NEW YORK (AP) — Kidnapping survivor Jaycee Dugard, who first made national headlines three years ago, said in a TV interview that she plans to live in seclusion with her daughters until they are mature enough to understand what happened to them.
Dugard, 31, and her two girls, ages 14 and 17, have been living at an undisclosed California location since being found by authorities in 2009 — 18 years after Dugard was abducted from a South Lake Tahoe bus stop.
She was held by Phillip and Nancy Garrido in their Antioch backyard, where she gave birth to the two children conceived by rape.
In an interview that aired Tuesday night, Dugard told ABC News (http://abcn.ws/z3D51W ) she's spent the past three years healing and experiencing life with her family.
"I want my girls to have a normal life as much as possible," she told ABC News' Diane Sawyer. "I feel like on some things I have to do it a little bit differently ... not be recognized ... for their sake.
"I think in time as they get older, they'll know how to deal with it better, and that would be the time that we would come out," she said.
Dugard has been working to build the JAYC Foundation, which aims to support families dealing with abduction and other tragedies. She wrote a best-selling memoir last year, "A Stolen Life," which recounts her years in captivity.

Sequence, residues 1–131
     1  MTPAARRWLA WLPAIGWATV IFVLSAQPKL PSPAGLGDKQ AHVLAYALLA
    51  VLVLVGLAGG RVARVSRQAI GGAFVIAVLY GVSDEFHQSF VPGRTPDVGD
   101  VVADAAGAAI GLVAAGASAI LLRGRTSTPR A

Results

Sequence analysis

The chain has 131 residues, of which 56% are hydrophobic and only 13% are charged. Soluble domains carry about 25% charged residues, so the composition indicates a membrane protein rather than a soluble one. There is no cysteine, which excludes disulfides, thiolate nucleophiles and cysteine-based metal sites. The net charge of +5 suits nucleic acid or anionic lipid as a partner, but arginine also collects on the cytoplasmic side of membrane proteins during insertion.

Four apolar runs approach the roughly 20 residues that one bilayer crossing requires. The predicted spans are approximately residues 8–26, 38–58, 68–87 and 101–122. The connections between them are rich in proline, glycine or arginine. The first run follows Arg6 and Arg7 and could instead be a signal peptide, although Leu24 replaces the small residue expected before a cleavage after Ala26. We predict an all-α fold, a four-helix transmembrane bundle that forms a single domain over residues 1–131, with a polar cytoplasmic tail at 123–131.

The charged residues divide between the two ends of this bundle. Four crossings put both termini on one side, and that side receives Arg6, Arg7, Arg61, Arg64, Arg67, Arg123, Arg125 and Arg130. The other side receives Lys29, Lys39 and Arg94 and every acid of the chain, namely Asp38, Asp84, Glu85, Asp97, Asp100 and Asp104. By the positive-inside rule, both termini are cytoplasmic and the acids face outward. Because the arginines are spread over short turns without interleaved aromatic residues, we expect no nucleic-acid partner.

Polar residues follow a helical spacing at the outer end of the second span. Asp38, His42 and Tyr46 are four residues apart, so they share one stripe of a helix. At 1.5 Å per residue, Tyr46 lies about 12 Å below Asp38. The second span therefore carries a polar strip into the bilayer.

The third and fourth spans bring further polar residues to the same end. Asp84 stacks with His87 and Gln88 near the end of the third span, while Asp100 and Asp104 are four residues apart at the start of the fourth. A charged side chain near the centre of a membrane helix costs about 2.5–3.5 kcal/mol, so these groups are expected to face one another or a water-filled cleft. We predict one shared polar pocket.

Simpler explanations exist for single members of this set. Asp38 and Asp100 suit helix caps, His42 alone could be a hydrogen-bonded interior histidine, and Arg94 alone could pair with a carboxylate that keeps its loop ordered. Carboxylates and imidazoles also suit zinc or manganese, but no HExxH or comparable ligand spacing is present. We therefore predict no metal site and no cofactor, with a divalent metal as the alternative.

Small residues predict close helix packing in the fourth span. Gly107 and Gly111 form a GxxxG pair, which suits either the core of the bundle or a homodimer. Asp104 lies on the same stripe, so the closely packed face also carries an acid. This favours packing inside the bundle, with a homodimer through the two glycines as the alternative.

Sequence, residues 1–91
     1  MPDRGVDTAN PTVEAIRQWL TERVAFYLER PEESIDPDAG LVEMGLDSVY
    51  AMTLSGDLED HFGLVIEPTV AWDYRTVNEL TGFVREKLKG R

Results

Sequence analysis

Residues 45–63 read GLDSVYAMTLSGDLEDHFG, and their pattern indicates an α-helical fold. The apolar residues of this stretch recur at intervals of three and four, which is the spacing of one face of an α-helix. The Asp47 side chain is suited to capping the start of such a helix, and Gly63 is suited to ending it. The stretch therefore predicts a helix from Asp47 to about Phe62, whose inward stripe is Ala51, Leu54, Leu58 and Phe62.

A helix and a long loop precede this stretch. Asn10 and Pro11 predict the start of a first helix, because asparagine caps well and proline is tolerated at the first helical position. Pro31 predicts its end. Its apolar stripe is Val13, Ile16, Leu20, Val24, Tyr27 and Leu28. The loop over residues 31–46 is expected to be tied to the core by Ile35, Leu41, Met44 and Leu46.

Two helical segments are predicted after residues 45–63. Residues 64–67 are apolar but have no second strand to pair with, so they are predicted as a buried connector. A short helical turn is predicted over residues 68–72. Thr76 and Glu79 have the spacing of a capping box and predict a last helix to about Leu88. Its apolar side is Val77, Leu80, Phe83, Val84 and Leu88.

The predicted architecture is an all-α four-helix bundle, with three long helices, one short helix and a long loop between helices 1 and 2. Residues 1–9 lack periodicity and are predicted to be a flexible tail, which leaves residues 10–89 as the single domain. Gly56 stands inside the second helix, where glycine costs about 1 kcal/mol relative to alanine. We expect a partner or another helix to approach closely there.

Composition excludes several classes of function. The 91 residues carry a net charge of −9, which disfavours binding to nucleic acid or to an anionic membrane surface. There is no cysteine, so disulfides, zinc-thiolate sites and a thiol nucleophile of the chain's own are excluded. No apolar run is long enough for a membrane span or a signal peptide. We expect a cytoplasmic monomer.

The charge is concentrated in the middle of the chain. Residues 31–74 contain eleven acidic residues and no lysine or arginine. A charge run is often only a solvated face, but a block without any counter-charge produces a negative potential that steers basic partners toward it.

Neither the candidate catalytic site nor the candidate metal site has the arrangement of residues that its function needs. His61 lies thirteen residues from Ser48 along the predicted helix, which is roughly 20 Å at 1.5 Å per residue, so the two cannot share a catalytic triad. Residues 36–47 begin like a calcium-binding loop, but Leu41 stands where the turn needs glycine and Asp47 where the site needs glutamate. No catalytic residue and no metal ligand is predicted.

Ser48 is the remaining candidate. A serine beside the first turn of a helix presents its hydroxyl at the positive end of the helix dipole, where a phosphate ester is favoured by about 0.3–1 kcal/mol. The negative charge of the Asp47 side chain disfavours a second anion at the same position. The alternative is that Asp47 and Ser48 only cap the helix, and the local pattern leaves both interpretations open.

Dugard also made her first public appearance last weekend at a star-studded New York awards ceremony held by fashion designer and humanitarian Diane von Furstenberg.
She was introduced at the Friday ceremony by Oprah Winfrey, another honoree of the night.
"Jaycee Dugard, I am so proud of you, your courage, your ability to press onward toward the future and toward a more victorious life for yourself and for using your courage, your strength, and your power to show the world that you care," Winfrey said.
Phillip Garrido is serving a 431-year prison sentence, and Nancy Garrido is serving 36 years to life, after both struck plea deals on kidnapping and rape charges. The state of California paid Dugard a $20 million settlement under which officials acknowledged repeated mistakes were made by parole agents responsible for monitoring Phillip Garrido, who was a convicted rapist.
During the TV interview, Sawyer asked Dugard if either of the Garridos had tried to contact her.
"No, not at all, which is fine with me," Dugard said.
Sawyer then asked Dugard if she has days when she doesn't think about what happened to her.
Dugard replied, "Oh, sure. It's not with me every day."
Asked if anyone has caught her eye romantically, Dugard said, "No, no, I just, I can't go there yet. It's too soon."